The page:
Trust

Posted: July 6, 2011 in Collaboration, Professionalism, Trust
Tags: ,

Trust FallThemes can arise unexpectedly some days. Today the theme was “trust.” I happened to come across three articles today on the subject in the course of my normal blog and Twitter perusing. The first was from Harvard Business Review – “The One Thing That Makes Collaboration Work.” In the article, Larry Prusak writes “If I had to pick the one thing to get right about any collaborative effort, I would choose trust.”

The second article was “3 Reasons Why Organizations Need to Increase Transparency” by Oscar Berg. According to Berg, “Perhaps the most important aspect of transparency is that it helps to build interpersonal trust, something which is absolutely essential for getting people to share and collaborate with each other.”

Third was the article “Building the Social Media Ecology – Part One” by Nadine Cooper. I love her statement that “You can’t have trust online if you don’t have trust offline.”

While reading these I couldn’t help but reflect on my work and the presence or absence of trust. I am fortunate to interact daily with others I trust – from those who sit near me and with whom I interact the most to my manager who welcomes openness and honesty, not to mention the scores of others I interact with daily online. But not all in my company or elsewhere are so fortunate.

Think about the implications of broken trust. If one confides in someone else only to have that trust betrayed, why should the one who originally confided ever trust and openly share with the betrayer again? Perhaps the betrayer used the information against the first person or broadcast what was shared to others without permission. Perhaps the betrayer took credit for something attributable to the first person. Perhaps the betrayer used the information to continue to humiliate or hold hostage in some way the first person. Regardless of the details, trust that is broken is very hard and slow to repair.

Businesses, being made up of normal people like you and me, are subject to all the pitfalls of broken trust between individuals. If the rank and file do not trust upper management, then there will be no buy-in and engagement at that most critical individual contributor level. If people in one area of the business do not trust those in another area, then information is hoarded and not shared in ways vital to the success of collaborative efforts. If people on project teams do not trust one another, then the typically dismal project success metrics will only get worse. If workers do not trust those in close proximity, then the giant sucking sound you hear is that of the life and enjoyment of one’s work going out the window.

One cannot demand trust from others. Trust is earned over time. We may choose to give someone the benefit of the doubt early in a relationship, but real trust happens only after someone proves to be trustworthy. Break that trust by your behavior in any way and you are not guaranteed to ever get it back. You may be trusted again if you prove yourself over time, but you can’t demand it and there are no guarantees that those betrayed will take that risk again.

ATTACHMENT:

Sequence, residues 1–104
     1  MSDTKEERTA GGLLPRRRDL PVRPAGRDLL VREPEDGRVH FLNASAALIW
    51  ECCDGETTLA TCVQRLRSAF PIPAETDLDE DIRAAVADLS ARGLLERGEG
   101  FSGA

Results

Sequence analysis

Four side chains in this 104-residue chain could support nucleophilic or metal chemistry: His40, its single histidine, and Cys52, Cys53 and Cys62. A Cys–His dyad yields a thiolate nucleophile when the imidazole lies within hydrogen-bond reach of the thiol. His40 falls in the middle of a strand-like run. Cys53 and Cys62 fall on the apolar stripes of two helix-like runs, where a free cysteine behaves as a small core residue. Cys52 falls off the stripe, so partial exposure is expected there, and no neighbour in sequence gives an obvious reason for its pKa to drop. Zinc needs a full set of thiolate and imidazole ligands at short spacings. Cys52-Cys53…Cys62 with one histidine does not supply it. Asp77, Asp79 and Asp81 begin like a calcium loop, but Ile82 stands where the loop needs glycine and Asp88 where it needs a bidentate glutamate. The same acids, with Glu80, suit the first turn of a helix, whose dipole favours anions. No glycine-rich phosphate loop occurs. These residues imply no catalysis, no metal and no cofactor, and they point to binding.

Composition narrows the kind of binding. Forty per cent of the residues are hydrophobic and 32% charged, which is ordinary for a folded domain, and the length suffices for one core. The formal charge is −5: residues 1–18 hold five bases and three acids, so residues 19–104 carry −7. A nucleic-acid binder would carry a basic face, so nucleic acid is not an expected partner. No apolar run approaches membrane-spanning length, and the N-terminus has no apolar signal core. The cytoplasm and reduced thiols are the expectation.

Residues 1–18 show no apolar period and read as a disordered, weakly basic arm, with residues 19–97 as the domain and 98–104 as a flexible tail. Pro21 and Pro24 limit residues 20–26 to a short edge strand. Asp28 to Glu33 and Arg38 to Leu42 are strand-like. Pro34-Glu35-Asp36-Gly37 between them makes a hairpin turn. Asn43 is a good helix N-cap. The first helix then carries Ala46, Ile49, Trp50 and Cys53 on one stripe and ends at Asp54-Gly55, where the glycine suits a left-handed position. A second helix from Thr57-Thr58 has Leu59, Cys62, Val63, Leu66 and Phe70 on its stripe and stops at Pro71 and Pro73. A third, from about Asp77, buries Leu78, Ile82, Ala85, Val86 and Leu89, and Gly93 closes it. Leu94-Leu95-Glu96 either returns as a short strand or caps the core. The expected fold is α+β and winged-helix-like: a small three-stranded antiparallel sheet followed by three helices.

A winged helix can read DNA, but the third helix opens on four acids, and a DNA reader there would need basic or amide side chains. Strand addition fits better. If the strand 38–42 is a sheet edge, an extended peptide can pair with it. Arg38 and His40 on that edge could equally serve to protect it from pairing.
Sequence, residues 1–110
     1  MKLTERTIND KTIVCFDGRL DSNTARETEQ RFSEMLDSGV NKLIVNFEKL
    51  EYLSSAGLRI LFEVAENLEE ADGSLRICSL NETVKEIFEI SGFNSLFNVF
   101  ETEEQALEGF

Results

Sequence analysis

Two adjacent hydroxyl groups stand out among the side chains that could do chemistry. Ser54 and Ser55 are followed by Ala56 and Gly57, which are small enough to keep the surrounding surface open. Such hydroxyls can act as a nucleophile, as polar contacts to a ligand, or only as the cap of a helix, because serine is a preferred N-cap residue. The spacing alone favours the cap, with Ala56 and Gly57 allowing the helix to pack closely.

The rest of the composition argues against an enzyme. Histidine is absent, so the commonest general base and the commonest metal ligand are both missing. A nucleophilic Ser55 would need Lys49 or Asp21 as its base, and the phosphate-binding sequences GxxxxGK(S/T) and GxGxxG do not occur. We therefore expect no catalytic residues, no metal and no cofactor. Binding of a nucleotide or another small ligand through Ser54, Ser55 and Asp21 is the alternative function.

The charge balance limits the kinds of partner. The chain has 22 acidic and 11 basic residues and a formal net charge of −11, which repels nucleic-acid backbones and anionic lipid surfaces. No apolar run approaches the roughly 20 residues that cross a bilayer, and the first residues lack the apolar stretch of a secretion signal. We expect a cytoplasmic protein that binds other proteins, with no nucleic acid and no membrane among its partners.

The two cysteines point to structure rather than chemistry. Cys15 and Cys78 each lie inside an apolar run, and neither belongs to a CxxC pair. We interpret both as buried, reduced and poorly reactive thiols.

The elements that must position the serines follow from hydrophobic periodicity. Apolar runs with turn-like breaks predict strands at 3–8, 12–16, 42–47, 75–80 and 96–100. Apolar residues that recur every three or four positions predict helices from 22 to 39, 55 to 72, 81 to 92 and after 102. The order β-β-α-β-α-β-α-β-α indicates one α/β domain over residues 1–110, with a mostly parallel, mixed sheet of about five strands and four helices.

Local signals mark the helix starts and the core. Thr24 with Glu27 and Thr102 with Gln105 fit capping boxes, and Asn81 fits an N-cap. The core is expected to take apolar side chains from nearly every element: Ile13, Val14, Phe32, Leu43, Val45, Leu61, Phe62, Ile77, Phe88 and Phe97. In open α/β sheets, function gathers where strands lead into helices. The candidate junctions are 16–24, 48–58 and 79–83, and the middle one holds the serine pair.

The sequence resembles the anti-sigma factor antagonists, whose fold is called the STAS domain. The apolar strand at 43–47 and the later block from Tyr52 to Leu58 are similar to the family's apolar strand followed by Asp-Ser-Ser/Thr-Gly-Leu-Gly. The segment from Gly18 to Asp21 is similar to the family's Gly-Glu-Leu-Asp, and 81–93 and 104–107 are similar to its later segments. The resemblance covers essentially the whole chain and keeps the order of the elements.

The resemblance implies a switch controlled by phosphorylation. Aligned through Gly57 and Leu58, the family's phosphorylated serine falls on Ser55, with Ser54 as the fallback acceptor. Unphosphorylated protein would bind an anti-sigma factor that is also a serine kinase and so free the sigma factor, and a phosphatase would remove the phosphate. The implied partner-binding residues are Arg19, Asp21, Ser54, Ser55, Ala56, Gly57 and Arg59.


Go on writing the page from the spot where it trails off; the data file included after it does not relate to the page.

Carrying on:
Perhaps you’ve been on outings where you participated in a trust walk while blindfolded or you’ve fallen backwards into the arms of others, trusting they will catch you. Those are feel-good experiences that maybe serve some purpose, but I have yet to have a manager blindfold me or ask me to fall into his arms (thank God). I’m more interested in being trustworthy and rightly gauging the trustworthiness of others in more typical day-to-day scenarios.

How trustworthy are you? What is your reputation in this regard? If it isn’t where it should be (and you have at least a few people willing to tell you the truth without fear of negative consequences for doing so), then it’s time to start down the long, diligent path of earning back their trust. Your words and even your apologies will mean nothing unless backed up by your consistent actions over time.

Take a look at the graphic on trust below that I found on a blog at http://raamabaanam.blogspot.com/2011/05/is-trust-important.html and see how you, your coworkers and your organization in general measure up. Commit to being trustworthy whether those around you are or not.

Nature of Trust

Comments
  1. William J. Ryan, Ph.D. says:

    Lance Secretan has it right, CASTLE (Courage, Authenticity, Service, Truthfulness, Love, Effectiveness) is a good base to be honest, to become fully engaged with others around you – and once you are invested then you are one with that person – the base where trust begins. Good reads, thanks Jeff! :)bill

  2. I love your blog.. very nice colors & theme. Did you make this website yourself or did you hire someone to do it for you?
    Plz reply as I’m looking to construct my own blog and would like to know where u got this from.

    cheers

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